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Joseph, Samantha --- "Protecting Indigenous Culture" [2006] IndigLawB 23; (2006) 6(18) Indigenous Law Bulletin 18

Protecting Indigenous Culture

by Samantha Joseph

Indigenous art is a thriving empire both locally and internationally. It is part of a million dollar arts industry. Indigenous art is rich in cultural integrity and knowledge and is a vital part of Indigenous culture. Unfortunately, Indigenous art is often susceptible to exploitation.

This article offers practical and legal insight into the operations of copyright[1] and contracts law and the benefits they offer creators of Indigenous art.

The Relationship between Art and Culture

Indigenous culture and art share an important relationship. Wandjuk Marika, an Aboriginal artist from the Northern Territory summed up the relationship by declaring in 1975: ‘Our art and culture are very dear to us, they embody the past history of my people, our beliefs today, and our strength to survive’.[2] This declaration illustrates the special relationship shared. However, it also demonstrates the clear distinction between this relationship and that of Western art and culture.

Indigenous art and culture share the same lifeline. Art and culture represent the link to the survival and preservation of Indigenous culture. Art represents the symbolic connection to culture through such things as dance, music, songs, stories and designs. Generally speaking cultural laws regulate the use of Indigenous art. Traditional owners are the custodians of cultural images and determine which image can be used and by whom. Indigenous customary law is communal – based on shared knowledge passed on throughout the generations.

What Protection can Copyright Offer?

The Copyright Act 1968 (Cth) governs copyright laws.[3] So what exactly is copyright? In a nutshell, copyright refers to the right of the owner to control some uses of their material[4] and to benefit financially from the use of their work.[5]

Copyright exists automatically when an original concept is transferred into material form.[6] In Australia, there is no requirement to register material for copyright protection.[7] Copyright protects a limited range of material including artistic, musical, dramatic, literary works, sound recordings and films.[8] This paper will focus on artistic works.

The owner of an artistic work has the right to reproduce, publish and communicate the work to the public (ie transmission by television and the internet).[9] It is worth noting at this point who owns copyright and what rights copyright law grants to an owner. The general rule is that the person who makes the work owns it.[10] For example, a painter of a portrait, the author of a poem, or a person who takes a photograph is generally the copyright owner. This rule is subject to a number of exceptions.[11]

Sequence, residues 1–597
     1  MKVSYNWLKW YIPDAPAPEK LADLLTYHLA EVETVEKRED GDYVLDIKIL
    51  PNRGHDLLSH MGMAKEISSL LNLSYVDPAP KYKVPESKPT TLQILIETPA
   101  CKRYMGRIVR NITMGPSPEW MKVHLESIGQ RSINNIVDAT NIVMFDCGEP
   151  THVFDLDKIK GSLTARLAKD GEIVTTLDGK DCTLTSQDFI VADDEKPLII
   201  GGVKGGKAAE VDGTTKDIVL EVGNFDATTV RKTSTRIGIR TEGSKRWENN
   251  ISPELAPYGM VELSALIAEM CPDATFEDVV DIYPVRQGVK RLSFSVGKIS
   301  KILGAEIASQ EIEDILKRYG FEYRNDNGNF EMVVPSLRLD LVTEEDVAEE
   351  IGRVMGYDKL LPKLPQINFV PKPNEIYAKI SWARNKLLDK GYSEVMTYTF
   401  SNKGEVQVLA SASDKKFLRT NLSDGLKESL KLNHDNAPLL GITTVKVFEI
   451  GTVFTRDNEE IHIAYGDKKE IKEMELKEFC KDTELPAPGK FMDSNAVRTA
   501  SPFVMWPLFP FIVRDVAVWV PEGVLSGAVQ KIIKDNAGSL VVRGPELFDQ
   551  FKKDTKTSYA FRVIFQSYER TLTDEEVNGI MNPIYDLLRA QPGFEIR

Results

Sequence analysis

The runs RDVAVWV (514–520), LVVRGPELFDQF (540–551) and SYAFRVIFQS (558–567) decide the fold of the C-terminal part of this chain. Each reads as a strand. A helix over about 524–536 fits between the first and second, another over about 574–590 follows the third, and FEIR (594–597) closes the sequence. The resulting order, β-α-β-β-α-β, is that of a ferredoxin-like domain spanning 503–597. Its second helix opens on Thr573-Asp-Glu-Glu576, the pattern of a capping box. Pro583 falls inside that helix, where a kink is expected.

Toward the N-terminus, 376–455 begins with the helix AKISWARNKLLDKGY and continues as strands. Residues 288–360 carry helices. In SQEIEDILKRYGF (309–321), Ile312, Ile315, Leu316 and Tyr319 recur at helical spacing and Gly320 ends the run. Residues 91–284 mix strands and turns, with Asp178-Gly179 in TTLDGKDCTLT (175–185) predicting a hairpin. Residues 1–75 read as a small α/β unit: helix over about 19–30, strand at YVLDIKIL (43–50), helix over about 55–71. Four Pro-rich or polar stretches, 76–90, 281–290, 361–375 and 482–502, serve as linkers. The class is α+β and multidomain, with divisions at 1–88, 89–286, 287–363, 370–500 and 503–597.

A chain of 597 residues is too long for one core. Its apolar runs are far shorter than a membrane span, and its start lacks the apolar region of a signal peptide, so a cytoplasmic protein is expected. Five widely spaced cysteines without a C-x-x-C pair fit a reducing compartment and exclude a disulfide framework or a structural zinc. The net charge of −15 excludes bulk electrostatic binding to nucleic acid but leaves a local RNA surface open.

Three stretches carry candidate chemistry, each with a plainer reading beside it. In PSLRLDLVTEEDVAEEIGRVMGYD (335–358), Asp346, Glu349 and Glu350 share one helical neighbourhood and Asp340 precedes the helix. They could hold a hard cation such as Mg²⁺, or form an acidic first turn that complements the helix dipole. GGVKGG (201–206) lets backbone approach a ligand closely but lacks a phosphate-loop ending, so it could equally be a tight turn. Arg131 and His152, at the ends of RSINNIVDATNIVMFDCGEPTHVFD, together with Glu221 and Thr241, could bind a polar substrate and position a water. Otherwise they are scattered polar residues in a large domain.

Copyright protects a work for the life of the artist plus 70 years after they have passed away. Upon expiration, the work is in the public domain and it is therefore free for use without permission.[12] For example rock paintings that were created thousands of years ago would be deemed to be in the public domain in regard to copyright laws.[13]

If you suspect that someone has infringed your copyright, that is, has used your work without your permission, it is advisable to have evidence to support the claim. Copyright infringement arises when a whole or a substantial amount of a work has been used without the authorisation of the copyright owner.[14] This is a qualitative test not a quantitative test. Bear in mind that it is the responsibility of the owner to control their work and to ensure it is not infringed.

Indigenous Culture and Intellectual Property (‘ICIP’) refers to Indigenous peoples’ rights to their heritage. It provides for Indigenous people to own and control all forms of cultural heritage. Unlike copyright laws which protect defined material, ICIP refers to all aspects of cultural heritage. These include ancestral remains, sacred sites, languages, knowledge, cultural resources, documentation of all forms of heritage (for example, research reports), spiritual knowledge, literary, performing and artistic works and cultural environment resources (such as minerals).[15] Copyright law inadequately protects ICIP because of the differences that exist between the existing copyright laws and Indigenous customary laws.

The case of M* and Others v Indofurn Pty Ltd and Others (1994) 54 FCR 240,[16] known as the ‘Carpets Case’, illustrates where copyright laws have successfully been used to protect Indigenous culture. This is a landmark case involving Indigenous artworks made in Vietnam and imported to Australia without the permission of the artists. The artworks depicted traditional imagery from the artists’ clans. The works were later reproduced onto carpets without the artists’ permission.

The importer, Indofurn Pty Ltd, argued that the artworks were not protected by copyright because they were based on traditional designs and did not meet the originality and authorship requirements of copyright law. They also said that the carpets did not infringe the copyright of the artworks as they were not direct copies. The Court held that the artists owned copyright in the artworks and that the carpets satisfied the substantiality requirement as they were strikingly similar to the artworks and reproduced important aspects of the works.